Eddie Kelly (15) of Ocean City. N.J. may be fishing a lot of years in the future before he ever comes up with a catch like that which he caught on Lisa Marie during the Labor Day Ocean City Marlin & Tuna Club Tournament — a 66-pound dolphin!
Not only was that a contest winner, but it also exceeds the N.J. state record of 63 pounds by Scott Smith Jr. in 1974, but also the IGFA World Junior record of 61 1/2 pounds — if all sportfishing standards were observed. It was caught on 30-pound tackle being used for white marlin.
I had hoped to have the first boat reports of the week this afternoon, but it appears there were none. Both the Golden Eagle and Ocean Explorer from Belmar had reported that they would be fishing today, but neither posted anything. The ocean isn’t calm, but the small craft warnings posted are just for the large swells that require caution at the inlets. Considering how relatively close Hurricane Florence is, the upcoming forecasts aren’t all that bad — including sunshine on Saturday.
Vinny D’Anton found only some very small blues in Shark River this morning, but went back in the afternoon to pick four small stripers between his Chug Bug and the Storm Searchbait jig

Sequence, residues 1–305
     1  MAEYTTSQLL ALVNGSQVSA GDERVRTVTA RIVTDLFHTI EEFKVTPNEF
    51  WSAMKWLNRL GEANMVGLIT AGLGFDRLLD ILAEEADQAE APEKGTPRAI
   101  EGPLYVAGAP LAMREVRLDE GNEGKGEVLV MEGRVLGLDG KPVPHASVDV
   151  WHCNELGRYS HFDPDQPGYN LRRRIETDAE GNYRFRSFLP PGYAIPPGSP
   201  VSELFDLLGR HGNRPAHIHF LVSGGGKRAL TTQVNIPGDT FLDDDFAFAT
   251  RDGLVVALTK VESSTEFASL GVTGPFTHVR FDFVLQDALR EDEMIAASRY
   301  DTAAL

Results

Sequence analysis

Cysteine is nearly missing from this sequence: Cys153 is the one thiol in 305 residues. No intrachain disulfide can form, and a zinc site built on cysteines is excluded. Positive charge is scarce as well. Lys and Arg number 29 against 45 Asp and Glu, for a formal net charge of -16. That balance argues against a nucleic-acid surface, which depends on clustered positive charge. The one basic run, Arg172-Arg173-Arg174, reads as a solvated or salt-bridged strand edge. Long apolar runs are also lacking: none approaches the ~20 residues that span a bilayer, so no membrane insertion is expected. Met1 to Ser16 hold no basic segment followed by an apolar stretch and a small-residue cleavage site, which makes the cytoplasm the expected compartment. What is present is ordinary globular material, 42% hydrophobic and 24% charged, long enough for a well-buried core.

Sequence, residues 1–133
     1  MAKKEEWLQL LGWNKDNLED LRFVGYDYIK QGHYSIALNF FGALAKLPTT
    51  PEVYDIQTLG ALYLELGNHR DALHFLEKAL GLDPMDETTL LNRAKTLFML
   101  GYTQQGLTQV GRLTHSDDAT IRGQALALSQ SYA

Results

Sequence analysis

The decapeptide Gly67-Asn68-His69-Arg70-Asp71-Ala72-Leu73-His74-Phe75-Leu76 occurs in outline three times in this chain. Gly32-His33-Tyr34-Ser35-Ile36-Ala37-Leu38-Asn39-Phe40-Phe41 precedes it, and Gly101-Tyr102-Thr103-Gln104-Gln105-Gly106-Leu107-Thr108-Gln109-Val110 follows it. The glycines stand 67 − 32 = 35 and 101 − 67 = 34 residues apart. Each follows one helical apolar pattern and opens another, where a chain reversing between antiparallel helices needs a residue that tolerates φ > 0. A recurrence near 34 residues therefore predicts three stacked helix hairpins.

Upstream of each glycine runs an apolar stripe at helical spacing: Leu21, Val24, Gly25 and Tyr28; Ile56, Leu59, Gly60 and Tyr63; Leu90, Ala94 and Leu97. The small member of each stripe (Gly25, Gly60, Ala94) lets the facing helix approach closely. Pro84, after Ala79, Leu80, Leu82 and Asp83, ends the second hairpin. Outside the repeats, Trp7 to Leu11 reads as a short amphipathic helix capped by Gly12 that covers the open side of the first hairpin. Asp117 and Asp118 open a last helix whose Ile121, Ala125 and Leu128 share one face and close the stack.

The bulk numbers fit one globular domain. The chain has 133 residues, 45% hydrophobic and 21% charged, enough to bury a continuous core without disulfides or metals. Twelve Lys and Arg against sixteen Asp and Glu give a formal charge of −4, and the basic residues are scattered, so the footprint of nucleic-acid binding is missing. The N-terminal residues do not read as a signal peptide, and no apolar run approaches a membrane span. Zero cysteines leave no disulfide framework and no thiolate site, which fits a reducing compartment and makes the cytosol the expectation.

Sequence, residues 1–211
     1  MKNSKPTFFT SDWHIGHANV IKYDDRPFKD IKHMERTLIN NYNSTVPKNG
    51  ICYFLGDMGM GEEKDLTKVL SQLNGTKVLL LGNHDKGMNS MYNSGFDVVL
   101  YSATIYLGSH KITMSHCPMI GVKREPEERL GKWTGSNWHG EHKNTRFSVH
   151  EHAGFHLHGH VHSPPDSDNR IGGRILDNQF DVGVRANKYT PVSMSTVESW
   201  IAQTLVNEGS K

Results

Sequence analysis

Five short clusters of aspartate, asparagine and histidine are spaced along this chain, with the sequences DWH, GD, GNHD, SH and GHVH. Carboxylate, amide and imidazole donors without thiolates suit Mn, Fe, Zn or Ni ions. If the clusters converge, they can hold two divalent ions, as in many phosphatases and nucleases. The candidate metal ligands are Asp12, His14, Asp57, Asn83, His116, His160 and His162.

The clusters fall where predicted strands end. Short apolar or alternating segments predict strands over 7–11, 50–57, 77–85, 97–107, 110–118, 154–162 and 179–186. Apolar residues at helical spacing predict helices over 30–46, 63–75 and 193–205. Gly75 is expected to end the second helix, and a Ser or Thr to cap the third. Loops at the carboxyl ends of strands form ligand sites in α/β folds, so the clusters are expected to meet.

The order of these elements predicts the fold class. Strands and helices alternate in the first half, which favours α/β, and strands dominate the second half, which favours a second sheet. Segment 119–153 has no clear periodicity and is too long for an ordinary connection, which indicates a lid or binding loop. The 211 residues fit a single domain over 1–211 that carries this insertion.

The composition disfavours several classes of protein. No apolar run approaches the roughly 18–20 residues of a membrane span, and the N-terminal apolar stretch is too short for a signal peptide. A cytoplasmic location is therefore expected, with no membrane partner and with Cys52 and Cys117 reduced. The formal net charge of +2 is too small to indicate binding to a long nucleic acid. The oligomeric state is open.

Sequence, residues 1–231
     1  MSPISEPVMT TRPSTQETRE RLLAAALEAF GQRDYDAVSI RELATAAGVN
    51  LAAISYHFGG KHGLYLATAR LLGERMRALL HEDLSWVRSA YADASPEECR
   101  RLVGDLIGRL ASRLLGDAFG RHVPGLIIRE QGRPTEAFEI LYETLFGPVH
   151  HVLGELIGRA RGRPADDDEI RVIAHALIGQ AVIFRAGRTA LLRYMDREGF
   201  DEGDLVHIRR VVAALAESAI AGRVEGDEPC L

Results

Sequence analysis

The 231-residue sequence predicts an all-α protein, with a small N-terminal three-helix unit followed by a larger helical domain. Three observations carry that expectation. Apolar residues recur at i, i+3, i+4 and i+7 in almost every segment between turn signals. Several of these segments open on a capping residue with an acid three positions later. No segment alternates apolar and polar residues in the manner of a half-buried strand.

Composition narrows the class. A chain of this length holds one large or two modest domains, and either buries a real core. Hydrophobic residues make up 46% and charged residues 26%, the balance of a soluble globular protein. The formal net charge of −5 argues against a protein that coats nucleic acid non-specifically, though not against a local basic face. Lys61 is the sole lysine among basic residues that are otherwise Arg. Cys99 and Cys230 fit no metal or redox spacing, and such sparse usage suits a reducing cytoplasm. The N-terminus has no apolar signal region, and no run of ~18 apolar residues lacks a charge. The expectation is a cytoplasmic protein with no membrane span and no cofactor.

Point Pleasant Canal is a good bet for bluefish, but those fish can be very fussy. They only seem to hit in spurts, and keep switching preferences. Yesterday evening I managed one 4-pounder just before the rain started coming down hard on a Z Man Swimmereeez. but it was hard getting hits on the same lure this morning until I quickly lost two jigs to larger blues which chopped the 30-pound leader. By going to a heavy leader and a 2-ounce Run-Off Sand Eel metal I released a 4-pounder before leaving.
I was hoping that was a solution to the problem, but when I stopped by at lunch time Joe Melillo of Castaways Tackle in Point Pleasant had just landed a blue on plastic because they wouldn’t hit metal. As the bite got tough again, one angler caught a blue by switching from a larger plastic to the same 4-inch Gulps we use for fluke.
Party boat skippers are keeping an eye on ocean conditions to determine when they can get back offshore at what is normally a prime time for tuna. Below is a Big Jamaica tuna from last week.